Monday, November 09, 2015
What Seems Obvious at First Glance Is, In Fact, Still Obvious When You Look Closely
A new study found that more prestigious colleges and universities are no better at teaching than less prestigious ones.
To which this Williams College grad who works at a community college says, “Duh.”
Yes, the study had necessary limits. It was based on single-day observations of hundreds of classes. We’ve all had good days and bad, though I would expect that those variations would come out in the wash. It was based on a five-point rubric, on which the elites won on “cognitive complexity of the course work,” and the non-elites won on what amounts to engaging students with the material. Overall, the differences were a wash; as the study puts it in the title, “prestige is a mirage.”
Yes and no. In the classroom, mostly yes.
Prestigious places tend to be selective, which is to say, they tend only to let in students who have shown the ability to be very successful in traditional high school settings. These are the students who take lots of Honors classes, run clubs, volunteer, and get high grades. Students like that are good at school; if they weren’t, they wouldn’t get in. That frees up faculty to spend relatively little time worrying about pedagogy; they can just present the material and trust that most of the students will get it. At Rutgers, for example, many undergraduate classes were so large that there wasn’t much choice but to lecture. Lectures can be “cognitively complex” at a very high level.
When I taught at DeVry, though, I had to unlearn the teaching methods I had picked up at Rutgers, and pick up a whole new set. These students generally weren’t good at school, or if they were, they didn’t know it. They didn’t need to have certainties deconstructed; they needed to feel like there was a point in even trying. I learned quickly, and the hard way, the difference between “what I say” and “what they hear.” I had to shift focus. Instead of showing unexpected nuance and depth to a seemingly simple issue (in the ‘90’s, we called that “problematizing”), I had to bring clarity to what was otherwise a frustrating fog. That’s a different task, requiring different methods. Lecture had to be cut into small pieces, interspersed among as many applications as possible.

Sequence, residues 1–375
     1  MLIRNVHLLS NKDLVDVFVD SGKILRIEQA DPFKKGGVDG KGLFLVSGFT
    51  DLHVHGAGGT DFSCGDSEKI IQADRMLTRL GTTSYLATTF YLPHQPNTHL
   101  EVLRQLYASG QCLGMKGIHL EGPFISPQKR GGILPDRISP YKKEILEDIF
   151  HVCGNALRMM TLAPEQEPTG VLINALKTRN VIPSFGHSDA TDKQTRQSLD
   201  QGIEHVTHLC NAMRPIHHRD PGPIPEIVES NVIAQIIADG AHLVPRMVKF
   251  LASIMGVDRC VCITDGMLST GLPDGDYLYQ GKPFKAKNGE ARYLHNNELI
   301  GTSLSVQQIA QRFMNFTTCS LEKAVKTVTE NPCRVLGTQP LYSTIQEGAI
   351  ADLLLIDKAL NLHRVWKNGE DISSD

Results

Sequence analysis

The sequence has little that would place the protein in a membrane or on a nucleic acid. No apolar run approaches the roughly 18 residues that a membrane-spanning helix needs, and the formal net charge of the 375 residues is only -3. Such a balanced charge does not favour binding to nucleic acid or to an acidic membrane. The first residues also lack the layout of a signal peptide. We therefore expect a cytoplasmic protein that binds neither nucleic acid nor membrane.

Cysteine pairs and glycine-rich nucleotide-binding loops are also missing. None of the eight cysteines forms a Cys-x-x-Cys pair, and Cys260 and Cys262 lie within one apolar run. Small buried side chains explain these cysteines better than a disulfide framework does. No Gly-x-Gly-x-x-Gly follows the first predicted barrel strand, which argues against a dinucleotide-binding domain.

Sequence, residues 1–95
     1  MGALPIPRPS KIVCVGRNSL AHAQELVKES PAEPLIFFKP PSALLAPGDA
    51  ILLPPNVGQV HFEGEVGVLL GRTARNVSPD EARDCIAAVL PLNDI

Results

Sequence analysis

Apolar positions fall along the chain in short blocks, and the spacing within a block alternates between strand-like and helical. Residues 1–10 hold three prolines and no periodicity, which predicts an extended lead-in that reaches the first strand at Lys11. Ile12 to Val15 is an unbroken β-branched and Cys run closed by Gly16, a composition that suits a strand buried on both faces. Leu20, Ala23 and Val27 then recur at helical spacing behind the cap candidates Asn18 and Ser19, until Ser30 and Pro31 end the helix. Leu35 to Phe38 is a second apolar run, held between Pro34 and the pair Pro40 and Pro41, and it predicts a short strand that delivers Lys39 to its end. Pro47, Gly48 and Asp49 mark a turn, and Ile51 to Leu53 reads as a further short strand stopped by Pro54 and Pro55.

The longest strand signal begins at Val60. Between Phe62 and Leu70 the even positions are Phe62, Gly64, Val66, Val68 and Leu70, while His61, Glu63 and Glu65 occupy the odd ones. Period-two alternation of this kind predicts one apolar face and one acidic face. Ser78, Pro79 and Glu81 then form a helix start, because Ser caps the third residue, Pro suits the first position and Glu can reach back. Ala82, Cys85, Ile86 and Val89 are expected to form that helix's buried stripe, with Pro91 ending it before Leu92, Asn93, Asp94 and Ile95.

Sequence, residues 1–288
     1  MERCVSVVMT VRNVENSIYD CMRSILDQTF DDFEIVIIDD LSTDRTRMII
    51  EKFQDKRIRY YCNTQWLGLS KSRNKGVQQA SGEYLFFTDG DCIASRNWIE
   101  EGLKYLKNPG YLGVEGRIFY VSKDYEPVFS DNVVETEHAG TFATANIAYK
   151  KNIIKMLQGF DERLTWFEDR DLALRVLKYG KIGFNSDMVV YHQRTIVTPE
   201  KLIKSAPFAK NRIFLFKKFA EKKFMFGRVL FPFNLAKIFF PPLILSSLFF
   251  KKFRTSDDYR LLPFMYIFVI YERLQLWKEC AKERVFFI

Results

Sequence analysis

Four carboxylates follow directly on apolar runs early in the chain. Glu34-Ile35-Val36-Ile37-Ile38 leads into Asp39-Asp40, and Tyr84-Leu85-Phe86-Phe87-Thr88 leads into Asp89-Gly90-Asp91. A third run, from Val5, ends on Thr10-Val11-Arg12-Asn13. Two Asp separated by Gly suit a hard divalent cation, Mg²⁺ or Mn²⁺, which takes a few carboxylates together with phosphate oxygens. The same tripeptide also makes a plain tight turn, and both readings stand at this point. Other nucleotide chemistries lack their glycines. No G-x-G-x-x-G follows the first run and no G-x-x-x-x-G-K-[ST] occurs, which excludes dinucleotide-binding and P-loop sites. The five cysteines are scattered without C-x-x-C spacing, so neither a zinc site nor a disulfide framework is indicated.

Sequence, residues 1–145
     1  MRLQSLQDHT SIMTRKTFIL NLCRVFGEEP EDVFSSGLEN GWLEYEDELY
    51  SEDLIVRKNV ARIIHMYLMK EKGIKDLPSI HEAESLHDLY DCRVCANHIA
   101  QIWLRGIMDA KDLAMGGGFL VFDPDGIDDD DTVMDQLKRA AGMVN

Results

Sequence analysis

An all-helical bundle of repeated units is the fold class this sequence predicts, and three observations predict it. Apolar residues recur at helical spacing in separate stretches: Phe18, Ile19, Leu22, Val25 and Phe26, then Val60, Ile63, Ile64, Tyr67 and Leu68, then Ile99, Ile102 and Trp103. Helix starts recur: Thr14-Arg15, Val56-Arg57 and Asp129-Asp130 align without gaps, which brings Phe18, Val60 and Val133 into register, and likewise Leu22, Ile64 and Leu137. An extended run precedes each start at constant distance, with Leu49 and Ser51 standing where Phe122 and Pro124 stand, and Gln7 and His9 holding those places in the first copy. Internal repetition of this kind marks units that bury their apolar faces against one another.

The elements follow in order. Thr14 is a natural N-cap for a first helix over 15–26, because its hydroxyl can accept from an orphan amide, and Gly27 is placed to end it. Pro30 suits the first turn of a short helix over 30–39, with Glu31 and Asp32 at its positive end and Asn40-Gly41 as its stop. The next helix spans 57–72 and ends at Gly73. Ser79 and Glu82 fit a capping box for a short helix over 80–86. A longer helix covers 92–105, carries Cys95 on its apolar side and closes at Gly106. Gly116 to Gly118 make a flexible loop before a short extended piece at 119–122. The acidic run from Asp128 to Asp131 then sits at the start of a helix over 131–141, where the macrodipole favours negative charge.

After a couple of years of teaching at DeVry, I was a far better teacher than I had ever been at Rutgers. At a basic level, it mattered more. The top students there -- and there were some -- got some pretty terrific classes, if I do say so myself, and I wasn’t the best teacher there.
At research universities, faculty are hired and promoted based on research. I had professors in grad school tell me openly and without shame to minimize the amount of time I spent on teaching, in order to spend more time writing. In a culture like that, I’m not shocked to discover that much of the teaching is done by lecture.
Where the “prestige” piece is more relevant is outside of class. That’s where the ‘signaling’ piece of a selective degree comes into play. But inside class, I’m not shocked to hear that the gap is small, when it exists at all. And given the academic job market of the last twenty years, teaching-intensive places have been able to hire from the same pool that the elites have; by now, you can get “cognitively complex” faculty at every level.
I’d love to see legislatures take teaching seriously when they allocate funding among the sectors; parity on a per-FTE basis would go a long way. If this study helps make that case, I’m all for it. In the meantime, though, some scientifically-backed respect is welcome.